Outsourcing development to a sister office was a corporate mandate in an effort to help offset the economic downturn experienced by this sister office as a result of 9/11. This decision decimated any semblance of a team as well as effectively prevented meaningful collaboration and cooperation between the client and development team. This separation eventually contributed to mistrust between the business analyst and development team as delivery dates slipped and confusion surrounding requirements prevailed. Combine these circumstances with the previously discussed challenges and it can be seen that close, daily cooperation between the business and technology team is essential.
Responding to change over following a plan
Given the nature of this project as described above it can be plainly seen that change was inevitable on this project. But in every facet of the project life cycle, change was considered the antithesis to the project’s success. It was to be eliminated and avoided at all costs. The reality is that change should have been fully embraced and enabled throughout the life cycle and within the disciplines of the project. Yet both the client and development team were incented both contractually and monetarily to keep to the plan regardless of whether responding to change would have helped ensure the success of the project.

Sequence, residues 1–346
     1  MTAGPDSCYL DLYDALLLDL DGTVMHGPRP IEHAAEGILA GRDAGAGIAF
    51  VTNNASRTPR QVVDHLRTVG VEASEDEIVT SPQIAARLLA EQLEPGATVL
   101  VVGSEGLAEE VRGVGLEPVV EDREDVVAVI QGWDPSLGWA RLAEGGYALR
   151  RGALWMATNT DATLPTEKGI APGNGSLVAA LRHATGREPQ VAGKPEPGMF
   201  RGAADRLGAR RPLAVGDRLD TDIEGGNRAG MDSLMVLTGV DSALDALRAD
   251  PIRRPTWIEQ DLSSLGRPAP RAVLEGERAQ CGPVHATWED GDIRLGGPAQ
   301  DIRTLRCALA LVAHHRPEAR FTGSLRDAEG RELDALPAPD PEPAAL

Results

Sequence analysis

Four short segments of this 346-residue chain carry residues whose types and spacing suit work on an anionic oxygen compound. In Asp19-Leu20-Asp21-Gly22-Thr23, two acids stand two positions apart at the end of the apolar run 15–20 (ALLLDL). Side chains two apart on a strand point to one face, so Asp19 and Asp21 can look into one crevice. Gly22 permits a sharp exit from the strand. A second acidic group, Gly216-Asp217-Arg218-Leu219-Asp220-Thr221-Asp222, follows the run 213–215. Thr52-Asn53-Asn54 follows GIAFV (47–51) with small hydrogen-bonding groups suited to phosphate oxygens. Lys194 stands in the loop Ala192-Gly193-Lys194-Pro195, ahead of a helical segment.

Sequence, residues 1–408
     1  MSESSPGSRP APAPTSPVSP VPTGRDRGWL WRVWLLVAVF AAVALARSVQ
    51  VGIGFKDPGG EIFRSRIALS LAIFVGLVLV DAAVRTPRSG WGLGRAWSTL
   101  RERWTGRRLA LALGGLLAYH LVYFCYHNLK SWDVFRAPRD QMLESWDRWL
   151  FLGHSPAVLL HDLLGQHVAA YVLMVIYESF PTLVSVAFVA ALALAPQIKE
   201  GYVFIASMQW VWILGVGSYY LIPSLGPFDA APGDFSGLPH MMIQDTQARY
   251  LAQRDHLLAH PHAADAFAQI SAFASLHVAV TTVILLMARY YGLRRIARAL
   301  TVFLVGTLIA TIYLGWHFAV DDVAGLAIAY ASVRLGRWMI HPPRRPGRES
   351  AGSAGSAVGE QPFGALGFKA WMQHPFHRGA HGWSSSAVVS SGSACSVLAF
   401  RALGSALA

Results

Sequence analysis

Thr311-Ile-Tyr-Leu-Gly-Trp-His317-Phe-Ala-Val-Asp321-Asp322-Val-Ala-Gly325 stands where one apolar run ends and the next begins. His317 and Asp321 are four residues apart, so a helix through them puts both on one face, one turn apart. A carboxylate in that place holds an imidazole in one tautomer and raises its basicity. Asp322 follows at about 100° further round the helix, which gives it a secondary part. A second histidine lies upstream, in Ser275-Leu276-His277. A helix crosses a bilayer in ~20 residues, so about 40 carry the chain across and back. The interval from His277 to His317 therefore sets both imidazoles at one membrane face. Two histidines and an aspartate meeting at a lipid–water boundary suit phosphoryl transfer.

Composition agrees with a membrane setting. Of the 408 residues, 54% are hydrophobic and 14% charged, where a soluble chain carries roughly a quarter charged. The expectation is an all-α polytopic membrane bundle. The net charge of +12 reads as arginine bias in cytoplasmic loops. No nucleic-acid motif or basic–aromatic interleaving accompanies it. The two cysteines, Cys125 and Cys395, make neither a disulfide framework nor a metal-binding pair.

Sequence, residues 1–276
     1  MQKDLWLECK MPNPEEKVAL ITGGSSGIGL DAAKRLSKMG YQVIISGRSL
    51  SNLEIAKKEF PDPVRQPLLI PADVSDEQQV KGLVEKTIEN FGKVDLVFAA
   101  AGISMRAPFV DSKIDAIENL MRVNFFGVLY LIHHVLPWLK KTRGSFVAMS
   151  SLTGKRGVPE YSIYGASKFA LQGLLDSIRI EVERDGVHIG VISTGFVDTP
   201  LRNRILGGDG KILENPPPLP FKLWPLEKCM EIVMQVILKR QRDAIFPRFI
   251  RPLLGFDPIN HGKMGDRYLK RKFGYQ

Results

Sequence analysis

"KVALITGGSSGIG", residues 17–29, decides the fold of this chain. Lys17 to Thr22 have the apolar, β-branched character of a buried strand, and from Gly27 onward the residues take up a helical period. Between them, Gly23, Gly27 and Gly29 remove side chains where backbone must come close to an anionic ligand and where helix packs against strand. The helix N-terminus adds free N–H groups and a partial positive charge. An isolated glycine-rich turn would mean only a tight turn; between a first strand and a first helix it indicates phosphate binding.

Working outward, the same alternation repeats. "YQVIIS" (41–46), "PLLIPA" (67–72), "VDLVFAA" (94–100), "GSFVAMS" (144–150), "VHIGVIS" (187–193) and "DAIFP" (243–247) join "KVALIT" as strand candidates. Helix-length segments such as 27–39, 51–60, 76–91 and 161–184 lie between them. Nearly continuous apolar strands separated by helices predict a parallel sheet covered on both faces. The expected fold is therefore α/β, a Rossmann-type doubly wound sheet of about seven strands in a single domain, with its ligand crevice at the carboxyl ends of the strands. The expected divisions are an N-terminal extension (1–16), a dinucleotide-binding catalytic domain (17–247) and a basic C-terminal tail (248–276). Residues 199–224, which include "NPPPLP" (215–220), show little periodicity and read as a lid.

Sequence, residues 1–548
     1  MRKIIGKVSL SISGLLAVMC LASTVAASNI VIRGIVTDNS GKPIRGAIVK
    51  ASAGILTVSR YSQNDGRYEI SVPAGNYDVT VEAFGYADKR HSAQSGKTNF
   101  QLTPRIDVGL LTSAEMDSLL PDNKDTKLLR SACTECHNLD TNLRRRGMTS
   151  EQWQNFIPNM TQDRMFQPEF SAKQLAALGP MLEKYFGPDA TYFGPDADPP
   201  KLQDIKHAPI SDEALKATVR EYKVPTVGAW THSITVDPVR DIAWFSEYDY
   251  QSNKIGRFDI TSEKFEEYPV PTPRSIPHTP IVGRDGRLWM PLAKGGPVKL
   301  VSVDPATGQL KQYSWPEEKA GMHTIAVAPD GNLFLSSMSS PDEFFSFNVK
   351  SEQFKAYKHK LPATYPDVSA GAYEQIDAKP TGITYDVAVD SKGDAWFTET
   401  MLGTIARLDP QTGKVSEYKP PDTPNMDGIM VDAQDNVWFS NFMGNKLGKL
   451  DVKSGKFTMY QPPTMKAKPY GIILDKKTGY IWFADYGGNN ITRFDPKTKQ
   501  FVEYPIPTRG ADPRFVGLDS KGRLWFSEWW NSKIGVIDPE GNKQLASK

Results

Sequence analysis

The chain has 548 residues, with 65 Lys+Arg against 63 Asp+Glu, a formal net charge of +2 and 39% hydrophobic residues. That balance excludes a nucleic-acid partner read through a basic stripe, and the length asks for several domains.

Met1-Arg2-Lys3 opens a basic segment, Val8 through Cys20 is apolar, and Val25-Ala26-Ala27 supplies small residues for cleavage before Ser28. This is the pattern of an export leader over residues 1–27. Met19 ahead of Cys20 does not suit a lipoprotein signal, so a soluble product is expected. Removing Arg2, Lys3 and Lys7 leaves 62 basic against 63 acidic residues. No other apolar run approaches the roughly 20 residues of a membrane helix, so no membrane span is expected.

It was this project experience and resulting soul searching that prepared me to fully embrace agile when I took the reins of software engineering at Graebel back in 2005. Yet over the last few years we have not only embraced agile for our new development efforts but have expanded our agile mindset and disciplines to encompass all of our software engineering activities from maintenance, support, minor enhancements, major enhancements, architecture, infrastructure and large capital projects. We have also incorporated business analysis and product management disciplines with the goal of quickly expanding into program and portfolio management disciplines.
Future posts will bring insight into our current processes and disciplines with a look to the future and how we plan to continually improve, reduce waste and journey further into what we call enterprise agile.